undeNYable Voice | Kwame King

New Yorkers rising up together to meet unprecedented challenges is in the fabric of this great city.

Through the COVID-19 crisis, we’ve seen countless examples of the community-minded selflessness and resilience associated with New York City and we’ve been inspired by those who have raised a hand and stepped up to help their fellow citizens.

In this spirit, we are setting out to reflect what’s truly undeNYable about our city and the people who make up our extended NYCFC family, all doing whatever it takes today to be back together again tomorrow through the sport we love.

undeNYable is a series of stories here on NYCFC.com, holding up members of the NYCFC family who’ve shown the meaning of "For The City", coming through for their fellow New Yorkers when it has mattered most.


Kwame King has been a part of New York City Football Club since 2017 when he joined the team as a Community Coach but he has gone on to fulfill many roles in the City in the Community (CITC) x New York City FC family since.

Now a Youth Leadership Coordinator with CITC and the face of NYCFC’s matchday coverage on Instagram, Kwame is using the power of soccer to promote health, education, and leadership development, as well as playing a key role in helping to create safe community spaces throughout the five boroughs.

King, a Brooklyn native, grew up in East New York and, although he spent most of his early years playing basketball, in 2010 his passion for soccer sparked through one fateful summer.

Inspired by Landon Donovan and the U.S. Men’s National team’s run at the FIFA World Cup in South Africa, it was a lightning bolt moment for Kwame.

He remembers: “It was the last winding down minutes and Landon Donovan scored a crazy goal, I could remember it like it was yesterday. I was going crazy in my house and my mom was like, ‘why are you making so much noise?’ That was the introduction to soccer and to the rest of my life,” he explains.

As his interest in soccer deepened, Kwame and Omari (AKA: The Pigeon) won a contest to travel to the UK to watch NYCFC’s sister club Manchester City in a Premier League match at the Etihad Stadium and it was on this decisive trip the pair decided they wanted to bring the power of soccer home to kids in the neighborhoods where they grew up: places where the unifying power of the beautiful game could truly be unleashed.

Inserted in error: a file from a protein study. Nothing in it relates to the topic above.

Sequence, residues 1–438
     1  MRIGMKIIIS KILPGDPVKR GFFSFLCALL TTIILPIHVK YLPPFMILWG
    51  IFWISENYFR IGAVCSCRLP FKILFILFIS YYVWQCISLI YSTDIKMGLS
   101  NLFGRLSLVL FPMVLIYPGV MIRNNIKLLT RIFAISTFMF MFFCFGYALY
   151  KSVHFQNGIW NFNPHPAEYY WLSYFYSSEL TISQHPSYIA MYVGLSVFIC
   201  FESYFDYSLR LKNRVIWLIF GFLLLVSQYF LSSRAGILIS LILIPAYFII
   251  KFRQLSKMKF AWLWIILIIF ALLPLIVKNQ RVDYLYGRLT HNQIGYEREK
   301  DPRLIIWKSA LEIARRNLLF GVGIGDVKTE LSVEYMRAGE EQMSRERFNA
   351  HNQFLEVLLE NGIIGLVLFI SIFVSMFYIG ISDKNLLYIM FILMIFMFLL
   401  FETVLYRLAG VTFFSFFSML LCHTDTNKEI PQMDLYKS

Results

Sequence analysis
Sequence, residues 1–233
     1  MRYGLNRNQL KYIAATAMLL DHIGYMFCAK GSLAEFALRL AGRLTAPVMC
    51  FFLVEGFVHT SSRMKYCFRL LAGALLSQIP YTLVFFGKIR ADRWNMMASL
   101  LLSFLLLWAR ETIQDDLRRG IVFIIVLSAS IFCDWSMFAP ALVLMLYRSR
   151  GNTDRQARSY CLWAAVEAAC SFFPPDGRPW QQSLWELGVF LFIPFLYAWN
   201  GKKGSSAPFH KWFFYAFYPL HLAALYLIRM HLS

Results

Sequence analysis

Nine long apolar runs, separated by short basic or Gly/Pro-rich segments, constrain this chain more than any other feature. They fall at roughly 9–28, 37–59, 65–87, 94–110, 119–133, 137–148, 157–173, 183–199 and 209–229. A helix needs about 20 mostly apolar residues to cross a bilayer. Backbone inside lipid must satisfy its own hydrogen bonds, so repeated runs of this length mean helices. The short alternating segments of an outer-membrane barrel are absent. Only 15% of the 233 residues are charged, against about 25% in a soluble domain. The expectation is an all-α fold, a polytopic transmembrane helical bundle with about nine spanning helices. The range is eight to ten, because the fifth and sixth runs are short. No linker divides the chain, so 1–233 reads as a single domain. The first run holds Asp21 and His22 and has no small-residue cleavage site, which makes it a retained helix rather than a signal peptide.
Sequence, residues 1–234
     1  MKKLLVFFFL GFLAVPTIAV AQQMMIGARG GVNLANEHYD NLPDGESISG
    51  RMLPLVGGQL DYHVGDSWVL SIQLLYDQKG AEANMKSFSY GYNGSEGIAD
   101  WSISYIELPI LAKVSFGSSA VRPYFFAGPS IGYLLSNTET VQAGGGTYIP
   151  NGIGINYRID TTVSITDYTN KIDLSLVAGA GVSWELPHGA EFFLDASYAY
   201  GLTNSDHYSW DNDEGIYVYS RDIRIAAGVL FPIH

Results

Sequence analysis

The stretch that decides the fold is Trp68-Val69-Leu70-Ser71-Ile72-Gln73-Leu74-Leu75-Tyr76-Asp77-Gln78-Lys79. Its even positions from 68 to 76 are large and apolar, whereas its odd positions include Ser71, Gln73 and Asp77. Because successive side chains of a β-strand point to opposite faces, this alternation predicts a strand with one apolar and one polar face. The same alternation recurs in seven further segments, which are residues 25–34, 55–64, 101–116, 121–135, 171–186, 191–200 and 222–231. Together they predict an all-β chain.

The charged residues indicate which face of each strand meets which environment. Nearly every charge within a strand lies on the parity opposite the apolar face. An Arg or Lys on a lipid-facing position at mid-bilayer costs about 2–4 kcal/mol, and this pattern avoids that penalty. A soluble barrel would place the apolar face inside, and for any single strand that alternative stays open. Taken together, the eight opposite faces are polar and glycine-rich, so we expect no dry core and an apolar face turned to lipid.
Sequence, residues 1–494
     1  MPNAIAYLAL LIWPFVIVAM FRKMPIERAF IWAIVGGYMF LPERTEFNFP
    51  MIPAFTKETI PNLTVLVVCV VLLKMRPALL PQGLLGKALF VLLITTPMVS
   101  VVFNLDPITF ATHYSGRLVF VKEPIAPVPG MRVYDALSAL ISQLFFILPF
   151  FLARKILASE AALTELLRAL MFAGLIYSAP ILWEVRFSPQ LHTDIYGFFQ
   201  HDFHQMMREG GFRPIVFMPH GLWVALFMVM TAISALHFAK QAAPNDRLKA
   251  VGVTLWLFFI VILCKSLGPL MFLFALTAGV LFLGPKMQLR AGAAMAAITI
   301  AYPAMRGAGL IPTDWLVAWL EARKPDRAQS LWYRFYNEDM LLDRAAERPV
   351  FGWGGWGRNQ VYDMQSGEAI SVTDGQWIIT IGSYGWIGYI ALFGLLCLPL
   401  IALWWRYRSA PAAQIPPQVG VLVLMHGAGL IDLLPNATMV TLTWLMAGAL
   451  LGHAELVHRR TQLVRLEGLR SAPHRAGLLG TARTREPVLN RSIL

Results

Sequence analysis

Upon arriving home to New York, Kwame and Omari created Bed-Stuy Football Club and then Kwame was inspired to volunteer with City in the Community to help with their Saturday Night Light’s programs. It was there he became a part-time coach before eventually pursuing the current full-time position he holds today.

Kwame believes working with kids through sport is a vocation and one that he held long before he took up his first voluntary role with CITC. He recalls: “I've known for a long time that working with kids in a capacity was my calling. I realized probably when I was in fifth grade. That sounds super far-fetched and crazy but I honestly felt that was my calling even then.

“When it finally happened, I felt like, ‘I'm ready for it. I'm ready for that.’ And I think City in the Community in general is a platform for people to use their voice. I've just been blessed to have City in the Community help me use my voice in a better way.”

Since bringing soccer to his community, Kwame has seen how the sport has made a huge impact on the kids, their behaviors, and has given them an outlet to express their feelings. “There’s so many techniques where soccer helps a child express their feelings in a better way, and with soccer bringing soccer into the communities it gives kids an outlet, rather than basketball rather than football.

“I never labeled a kid bad that's just portraying or expressing their feelings. I feel like with soccer, having it here, it gives them the release to express their feelings of when they lose, all right, I'm angry, how can I explain myself about how to lose. There's so many techniques where soccer helps a child to express their feelings in a better way.”

Another way Kwame is inspiring the youth of New York to use their voices is through the Power the Vote initiative which is the brainchild of Kwame and his CITC colleague (and earlier undeNYable subject), Gwen Hernandez.

Whether it’s been creating a hub at NYCFC.com/PowerTheVote, holding a voter registration event in each of the five boroughs for National Voter Registration Day, or holding virtual City Hall meetings with NYCFC players, Sky Blue FC and officials, Kwame has been spreading the importance of civic engagement across the city - and not just in 2020, but every year now going forward.

He added: “I think Power The Vote equals what City in the Community speaks every single day, every year, every month, because we want to make change in our communities and how we make change in our communities, is using our voice and using our platforms in a positive way.”

To learn more about Power the Vote, visit NYCFC.com/PowerTheVote.  

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